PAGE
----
This ex-Googler just got another $30 million to help companies with the 'art and science' of hiring exactly who they want
By 2012, Sarah Nahm, a former Googler who had worked as a speechwriter for Marissa Mayer and a designer on the Chrome team, knew she was ready for something different.There was no "lightning strike" moment of inspiration, Nahm tells Business Insider. She and two colleagues knew they wanted to start a company together. They all had an interest in recruitment and human resources. They just didn't know exactly what they would do.
To Nahm's surprise, it turned out that she was in the right place at the right time. At all of these companies, they found the same frustrations. The headaches weren't over anything technical. Instead, the thing these high-growth Silicon Valley companies had a tough time solving was hiring. They wanted the best programmers and the best talent, but the market was just too competitive."You'd expect it to be 'big data' this or 'machine learning' that, but it's human," Nahm says.
And so she and her two partners formed Lever. The software startup, under Nahm's command as CEO, is designed to help with the hiring headaches she saw bubbling up back in 2012.It seems to be working. Lever counts over 1,000 customers, including Netflix and Cirque Du Soleil, according to Nahm. Lever itself now has over 100 employees. And investors like what they're seeing from the company. On Thursday, Lever plans to officially announce that it's raised $30 million in a Series C venture round. That brings the total amount its raised from venture investors to $62 million.
Nahm says the big question for Lever now is: "How can we connect human potential to meaningful work?
Tools for a changing time
Lever's launch and growth have come as the very idea of employment is changing, for better or for worse.Millennials, especially, have earned a reputation for "job-hopping," jumping from position to position and company to company every year or two as they pursue their own non-linear paths to success.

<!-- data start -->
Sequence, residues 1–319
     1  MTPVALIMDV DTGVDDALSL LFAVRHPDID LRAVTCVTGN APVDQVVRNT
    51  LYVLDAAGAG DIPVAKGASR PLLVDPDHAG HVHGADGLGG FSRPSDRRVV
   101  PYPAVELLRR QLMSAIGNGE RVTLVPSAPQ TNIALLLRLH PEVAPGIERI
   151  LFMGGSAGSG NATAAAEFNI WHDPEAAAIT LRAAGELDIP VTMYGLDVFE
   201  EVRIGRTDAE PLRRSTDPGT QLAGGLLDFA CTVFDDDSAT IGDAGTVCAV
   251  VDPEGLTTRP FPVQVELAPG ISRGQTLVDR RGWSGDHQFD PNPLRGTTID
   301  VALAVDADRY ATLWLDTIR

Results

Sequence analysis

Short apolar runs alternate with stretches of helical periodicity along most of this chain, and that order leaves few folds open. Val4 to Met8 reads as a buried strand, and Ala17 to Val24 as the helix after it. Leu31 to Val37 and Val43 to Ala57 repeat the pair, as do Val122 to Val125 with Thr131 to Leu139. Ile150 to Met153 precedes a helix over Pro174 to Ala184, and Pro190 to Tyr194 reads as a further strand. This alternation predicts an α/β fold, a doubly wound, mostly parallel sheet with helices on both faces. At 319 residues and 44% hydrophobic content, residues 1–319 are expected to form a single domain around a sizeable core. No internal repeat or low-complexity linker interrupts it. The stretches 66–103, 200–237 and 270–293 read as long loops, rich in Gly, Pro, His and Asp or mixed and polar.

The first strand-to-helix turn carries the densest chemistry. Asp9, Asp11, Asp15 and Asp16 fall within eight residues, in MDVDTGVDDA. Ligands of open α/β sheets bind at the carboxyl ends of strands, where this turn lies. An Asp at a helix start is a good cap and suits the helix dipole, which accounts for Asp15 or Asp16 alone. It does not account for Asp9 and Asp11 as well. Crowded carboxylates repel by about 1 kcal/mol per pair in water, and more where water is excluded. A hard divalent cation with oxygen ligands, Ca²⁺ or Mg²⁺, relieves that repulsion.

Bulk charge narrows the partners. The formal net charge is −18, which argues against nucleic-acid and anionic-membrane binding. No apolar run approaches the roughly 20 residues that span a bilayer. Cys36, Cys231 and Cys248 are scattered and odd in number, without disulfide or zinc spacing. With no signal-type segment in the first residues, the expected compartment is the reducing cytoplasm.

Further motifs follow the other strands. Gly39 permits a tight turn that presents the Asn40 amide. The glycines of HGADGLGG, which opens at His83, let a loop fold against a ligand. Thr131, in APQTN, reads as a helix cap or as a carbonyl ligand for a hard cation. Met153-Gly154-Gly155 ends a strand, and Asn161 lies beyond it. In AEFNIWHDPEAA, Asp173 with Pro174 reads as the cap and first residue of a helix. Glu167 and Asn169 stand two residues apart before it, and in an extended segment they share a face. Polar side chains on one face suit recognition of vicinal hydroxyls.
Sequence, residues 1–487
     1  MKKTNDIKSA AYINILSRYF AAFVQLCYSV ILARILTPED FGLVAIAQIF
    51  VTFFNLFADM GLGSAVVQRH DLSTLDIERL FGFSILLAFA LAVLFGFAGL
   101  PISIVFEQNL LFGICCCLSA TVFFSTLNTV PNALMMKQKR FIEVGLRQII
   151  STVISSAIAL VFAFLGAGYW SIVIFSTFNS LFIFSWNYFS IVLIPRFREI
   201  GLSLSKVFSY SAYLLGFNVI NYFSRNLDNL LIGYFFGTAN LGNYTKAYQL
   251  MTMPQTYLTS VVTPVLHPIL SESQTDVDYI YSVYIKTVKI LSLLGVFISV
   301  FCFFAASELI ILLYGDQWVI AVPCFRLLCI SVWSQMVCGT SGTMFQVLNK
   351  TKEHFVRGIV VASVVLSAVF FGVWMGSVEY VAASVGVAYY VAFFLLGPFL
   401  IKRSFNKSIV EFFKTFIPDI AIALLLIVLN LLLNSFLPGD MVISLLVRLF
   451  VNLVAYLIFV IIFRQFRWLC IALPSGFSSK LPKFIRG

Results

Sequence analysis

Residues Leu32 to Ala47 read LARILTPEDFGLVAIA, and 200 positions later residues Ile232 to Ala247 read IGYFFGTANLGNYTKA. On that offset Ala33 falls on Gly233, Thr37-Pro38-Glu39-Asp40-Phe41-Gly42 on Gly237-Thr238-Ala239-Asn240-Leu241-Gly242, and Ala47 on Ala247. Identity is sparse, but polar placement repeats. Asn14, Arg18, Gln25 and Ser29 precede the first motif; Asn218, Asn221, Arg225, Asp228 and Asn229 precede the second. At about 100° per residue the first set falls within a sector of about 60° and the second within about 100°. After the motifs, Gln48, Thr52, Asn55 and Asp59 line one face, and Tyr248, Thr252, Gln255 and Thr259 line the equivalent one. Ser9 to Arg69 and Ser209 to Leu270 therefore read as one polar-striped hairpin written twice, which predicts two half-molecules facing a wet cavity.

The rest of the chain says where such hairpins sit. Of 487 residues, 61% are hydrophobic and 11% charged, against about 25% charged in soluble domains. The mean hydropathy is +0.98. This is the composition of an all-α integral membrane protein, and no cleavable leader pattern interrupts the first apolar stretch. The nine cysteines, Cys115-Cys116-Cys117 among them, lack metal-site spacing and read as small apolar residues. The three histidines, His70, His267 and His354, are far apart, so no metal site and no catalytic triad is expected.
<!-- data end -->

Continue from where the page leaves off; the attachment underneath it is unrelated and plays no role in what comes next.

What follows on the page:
In Silicon Valley and beyond, there's a veritable talent war for top-tier engineers. And as software continues to eat the world, even blue-collar jobs like farm work are requiring a growing array of computer skills.
"The future of work is changing, and it's a pretty dramatic shift," says Nahm. "People are out here looking for a deeper meaning."
Through its tools, Lever is advancing the "art and science" of recruiting top talent, Nahm says.
A big enough leverWhat really sets Lever apart, says Nahm, is that it makes hiring collaborative. When people in a company identify a potential job candidate, they can use Lever's service to flag that person for their colleagues. Lever's tools will also help figure out who within the company would be best placed to reach out to the candidate.
The system is designed to try to find the person with whom the candidate might best identify and who might stand the best chance of convincing the person to join the company. For example, instead of talking to a recruiter, a hotshot programmer might want to hear from another hotshot programmer about what drew her to the company.Lever's analytical tools provide tips to hiring managers about how often they should contact candidates and who on their team might be the most effective at getting through to them. Lever's service can even give insight on the average time it will take to fill a position.
'That's what I live for'
One of the benefits of Lever's service is that it can be used by anyone in the company, not just the recruiting team. Opening up recruiting to all workers can help expand the pool of would-be candidates for jobs. And it can help yield a more diverse pool of candidates.
That's a huge potential benefit, particularly in an era when the tech industry's lack of diversity has become such a hot topic. Lever itself says that its employees are 50% women and 40% non-white.Lever plans to use the cash it just raised to make its service even smarter, boosting its analytics and helping companies identify the talent they need, Nahm says. To Nahm, connecting companies to the right people at the right time is a design problem, similar to ones she's faced in the past.
"That's what I live for," says Nahm.
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